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Wheelchair seat adapter plate

We created an adapter plate to mount a supportive seat to a powered wheelchair base for young man with Cerebral Palsey and scoliosis.

The Challenge

Our client is a teenager with Cerebral Palsy, and also scoliosis (curvature of the spine). He has used highly supportive specialist seats from R82 (part of the company Etac), throughout his life, but was outgrowing his current powered wheelchair/seat setup.

A full sized Sunrise Medical Quickie Q400 M powered wheelchair was procured by mum and dad on the understanding an adapter plate was available for a new R82 seat for that wheelchair, similar to the previous setup. However, this proved not to be the case, leaving mum and dad in an awkward position with some very expensive equipment purchased, a child in increasing discomfort, and no obvious way forward.

There was a further consideration that both items would have undergone testing by their respective manufacturers to simulate performance in a vehicle crash met the same standards as other seated occupants, but the combined items couldn’t reasonably be re-tested as a unit.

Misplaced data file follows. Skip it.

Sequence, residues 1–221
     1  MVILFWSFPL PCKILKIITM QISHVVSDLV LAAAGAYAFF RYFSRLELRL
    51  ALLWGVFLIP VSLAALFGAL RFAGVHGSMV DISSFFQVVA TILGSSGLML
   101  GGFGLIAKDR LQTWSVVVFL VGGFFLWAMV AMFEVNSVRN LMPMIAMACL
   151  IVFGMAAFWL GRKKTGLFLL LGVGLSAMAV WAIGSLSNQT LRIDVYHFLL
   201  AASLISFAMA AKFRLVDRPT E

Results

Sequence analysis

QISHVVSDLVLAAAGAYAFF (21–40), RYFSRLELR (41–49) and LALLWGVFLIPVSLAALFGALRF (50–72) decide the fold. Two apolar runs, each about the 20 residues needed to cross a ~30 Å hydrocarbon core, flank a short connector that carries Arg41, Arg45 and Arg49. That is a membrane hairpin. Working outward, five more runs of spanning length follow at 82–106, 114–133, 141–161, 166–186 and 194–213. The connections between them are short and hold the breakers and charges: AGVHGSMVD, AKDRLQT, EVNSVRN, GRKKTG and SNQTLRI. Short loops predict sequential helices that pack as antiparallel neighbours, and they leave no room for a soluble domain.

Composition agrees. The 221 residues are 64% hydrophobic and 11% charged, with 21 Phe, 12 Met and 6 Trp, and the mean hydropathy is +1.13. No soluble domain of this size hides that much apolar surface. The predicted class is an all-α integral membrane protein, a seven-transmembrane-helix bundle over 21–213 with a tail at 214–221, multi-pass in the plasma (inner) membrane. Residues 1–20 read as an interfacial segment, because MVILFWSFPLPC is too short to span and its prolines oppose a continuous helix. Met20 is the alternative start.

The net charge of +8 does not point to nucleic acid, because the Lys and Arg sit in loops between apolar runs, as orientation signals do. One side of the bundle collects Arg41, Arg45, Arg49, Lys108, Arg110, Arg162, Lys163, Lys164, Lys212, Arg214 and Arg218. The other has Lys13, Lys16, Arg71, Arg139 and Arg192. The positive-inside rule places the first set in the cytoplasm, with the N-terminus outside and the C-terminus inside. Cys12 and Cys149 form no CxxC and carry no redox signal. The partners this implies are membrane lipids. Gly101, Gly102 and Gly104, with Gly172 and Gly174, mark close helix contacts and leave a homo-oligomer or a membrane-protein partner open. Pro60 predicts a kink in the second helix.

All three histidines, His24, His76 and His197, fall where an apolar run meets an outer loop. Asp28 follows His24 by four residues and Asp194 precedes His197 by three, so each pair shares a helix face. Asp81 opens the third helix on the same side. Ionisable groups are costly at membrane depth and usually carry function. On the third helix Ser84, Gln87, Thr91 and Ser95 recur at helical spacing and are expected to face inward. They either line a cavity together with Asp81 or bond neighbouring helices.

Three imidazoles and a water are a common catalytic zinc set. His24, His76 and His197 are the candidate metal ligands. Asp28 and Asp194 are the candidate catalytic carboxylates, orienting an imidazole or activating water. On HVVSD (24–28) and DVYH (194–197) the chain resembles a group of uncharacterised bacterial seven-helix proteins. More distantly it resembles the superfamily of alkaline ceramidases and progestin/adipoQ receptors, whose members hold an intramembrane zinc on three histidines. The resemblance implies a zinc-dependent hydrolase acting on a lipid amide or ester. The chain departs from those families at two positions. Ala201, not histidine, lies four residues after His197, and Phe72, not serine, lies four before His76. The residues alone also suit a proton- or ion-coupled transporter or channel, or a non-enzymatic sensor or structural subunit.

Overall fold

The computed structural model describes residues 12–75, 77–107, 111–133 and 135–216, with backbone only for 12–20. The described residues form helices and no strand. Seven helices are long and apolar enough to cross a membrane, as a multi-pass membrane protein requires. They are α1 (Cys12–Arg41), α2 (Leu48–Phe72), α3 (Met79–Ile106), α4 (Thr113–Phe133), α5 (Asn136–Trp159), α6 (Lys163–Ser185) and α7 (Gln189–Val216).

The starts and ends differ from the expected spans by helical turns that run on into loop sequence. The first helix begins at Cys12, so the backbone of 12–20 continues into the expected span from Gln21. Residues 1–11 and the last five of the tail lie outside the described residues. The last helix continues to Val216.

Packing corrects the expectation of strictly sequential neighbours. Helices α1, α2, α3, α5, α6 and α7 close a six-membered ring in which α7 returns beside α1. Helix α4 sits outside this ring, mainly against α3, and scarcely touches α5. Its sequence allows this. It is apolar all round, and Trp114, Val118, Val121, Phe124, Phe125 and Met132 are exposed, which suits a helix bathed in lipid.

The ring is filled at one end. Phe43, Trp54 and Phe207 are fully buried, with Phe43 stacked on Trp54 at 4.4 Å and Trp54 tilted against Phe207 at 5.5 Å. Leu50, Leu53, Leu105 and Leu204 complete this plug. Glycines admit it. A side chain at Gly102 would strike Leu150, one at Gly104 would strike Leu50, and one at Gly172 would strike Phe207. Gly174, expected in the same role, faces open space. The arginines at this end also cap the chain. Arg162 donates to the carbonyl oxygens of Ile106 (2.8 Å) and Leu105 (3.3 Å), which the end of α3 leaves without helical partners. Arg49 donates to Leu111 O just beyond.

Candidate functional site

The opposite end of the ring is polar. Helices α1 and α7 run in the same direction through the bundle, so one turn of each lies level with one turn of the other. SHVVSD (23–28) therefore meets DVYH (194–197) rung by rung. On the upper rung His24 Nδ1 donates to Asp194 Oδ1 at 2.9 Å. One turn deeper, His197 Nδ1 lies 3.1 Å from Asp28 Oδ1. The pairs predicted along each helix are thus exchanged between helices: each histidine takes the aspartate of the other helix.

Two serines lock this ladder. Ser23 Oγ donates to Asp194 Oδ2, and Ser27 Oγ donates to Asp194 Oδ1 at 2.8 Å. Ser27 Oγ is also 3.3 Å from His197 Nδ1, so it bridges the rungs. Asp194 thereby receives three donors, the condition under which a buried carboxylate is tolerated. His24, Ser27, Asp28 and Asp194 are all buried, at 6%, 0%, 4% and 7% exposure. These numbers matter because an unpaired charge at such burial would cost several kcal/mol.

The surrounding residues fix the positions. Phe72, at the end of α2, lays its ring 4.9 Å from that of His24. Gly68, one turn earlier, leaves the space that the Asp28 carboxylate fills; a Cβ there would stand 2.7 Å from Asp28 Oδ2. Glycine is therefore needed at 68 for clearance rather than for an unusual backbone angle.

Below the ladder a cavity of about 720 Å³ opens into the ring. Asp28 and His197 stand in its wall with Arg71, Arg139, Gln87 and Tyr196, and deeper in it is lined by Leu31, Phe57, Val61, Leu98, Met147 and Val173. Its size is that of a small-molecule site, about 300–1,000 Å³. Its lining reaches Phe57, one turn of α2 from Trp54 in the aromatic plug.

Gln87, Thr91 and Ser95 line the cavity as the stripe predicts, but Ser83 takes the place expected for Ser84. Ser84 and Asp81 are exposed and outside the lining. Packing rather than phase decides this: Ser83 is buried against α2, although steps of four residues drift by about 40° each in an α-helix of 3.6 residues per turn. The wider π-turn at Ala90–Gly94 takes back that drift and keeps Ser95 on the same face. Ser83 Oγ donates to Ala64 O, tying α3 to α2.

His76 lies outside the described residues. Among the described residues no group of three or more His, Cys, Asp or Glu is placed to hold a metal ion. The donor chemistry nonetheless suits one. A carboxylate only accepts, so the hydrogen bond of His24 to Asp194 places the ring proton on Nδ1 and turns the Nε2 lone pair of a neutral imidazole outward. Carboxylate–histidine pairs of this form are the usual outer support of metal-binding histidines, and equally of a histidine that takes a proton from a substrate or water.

The solution

Taking the above factors into consideration, Remap proceeded with the project working with the wheelchair supplier and Etac, on the basis that a strong adapter plate could be made which comfortably exceeded the strength of the supplied R82 locking seat base. The adapter plate was bolted down to the wheelchair chassis using existing machine screw fixing points – which avoided permanent modifications to the brand new chair. The following photos show the existing mount points which were utilised, and the new adapter plate, which also clamps around the rear of the deck of the wheelchair.

Six existing machine screws set the seat platform width. These were utilised to secure the adapter with longer machine screws.

Seat adapter with R82 seat mount in place.

Underside of adapter plate.

The new adapter being test fitted to the powered wheelchair base.

Oak blocks spray painted to match the chair lift the arms up to the required height.

A disability switch holder was required at the front of one arm.

Additional harness mount points were required further forward.

A linkage to connect the footplates together, by request.

The benefit

Our client was able to use his new wheels!

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